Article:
The first rock identification lesson taught to introductory geology students is identifying whether a rock is igneous, sedimentary or metamorphic. This first step is no less important for advanced students or seasoned professionals. In some cases, this distinction is not apparent at distance, and sometimes not even apparent under close inspection. Some rocks require microscopic magnification for basic classification. Unfortunately, close examination is not always possible. The rocks may be in inaccessible terrain, in a politically hostile region, or perhaps on another planet. Identification from a distance is tricky.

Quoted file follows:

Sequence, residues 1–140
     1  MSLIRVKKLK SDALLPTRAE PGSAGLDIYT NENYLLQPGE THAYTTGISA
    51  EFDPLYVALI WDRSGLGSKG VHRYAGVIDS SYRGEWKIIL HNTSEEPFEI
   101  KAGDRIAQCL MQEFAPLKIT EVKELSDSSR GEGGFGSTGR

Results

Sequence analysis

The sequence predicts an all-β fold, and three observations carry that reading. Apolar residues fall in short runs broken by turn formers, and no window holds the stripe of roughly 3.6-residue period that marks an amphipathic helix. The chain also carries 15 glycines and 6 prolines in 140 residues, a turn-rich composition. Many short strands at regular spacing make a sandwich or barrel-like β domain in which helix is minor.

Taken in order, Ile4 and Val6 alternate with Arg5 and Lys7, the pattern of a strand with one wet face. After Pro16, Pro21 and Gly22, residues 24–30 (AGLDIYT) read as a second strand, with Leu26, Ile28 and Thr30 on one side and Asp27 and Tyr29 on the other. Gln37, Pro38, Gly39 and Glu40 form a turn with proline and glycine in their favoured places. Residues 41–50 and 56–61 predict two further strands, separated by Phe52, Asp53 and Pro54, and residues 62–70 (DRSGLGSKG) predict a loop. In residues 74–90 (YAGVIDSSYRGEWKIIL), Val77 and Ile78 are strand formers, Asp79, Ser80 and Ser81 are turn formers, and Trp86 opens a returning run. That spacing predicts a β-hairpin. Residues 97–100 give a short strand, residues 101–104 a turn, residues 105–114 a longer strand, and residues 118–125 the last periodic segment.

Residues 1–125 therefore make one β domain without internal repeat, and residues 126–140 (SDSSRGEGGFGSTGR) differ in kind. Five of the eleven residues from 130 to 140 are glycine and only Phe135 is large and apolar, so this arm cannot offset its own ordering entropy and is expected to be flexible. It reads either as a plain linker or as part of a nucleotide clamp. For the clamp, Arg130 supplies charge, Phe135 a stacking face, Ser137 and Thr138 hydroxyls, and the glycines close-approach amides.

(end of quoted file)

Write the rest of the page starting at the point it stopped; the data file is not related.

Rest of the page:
Here is a sequence of rocks south of Boyce Thompson Arboretum east of Phoenix. This sequence of rock is over one thousand meters thick, shows some horizontal layering, as well as what appears to be tilting and folding. Is this rock sedimentary, igneous, or metamorphic?
Based upon this limited information, most people would initially hypothesize that these rocks are sedimentary. However, closer rocks within the arboretum show similar layering, but are clearly volcanic tuff. The nearby Superstition mountains are more clearly volcanic. With this additional evidence, a more likely hypothesis is that these rocks south of the arboretum are igneous. In fact, the Arizona Geological Survey classifies them as “middle Miocene to Oligocene volcanic rocks.”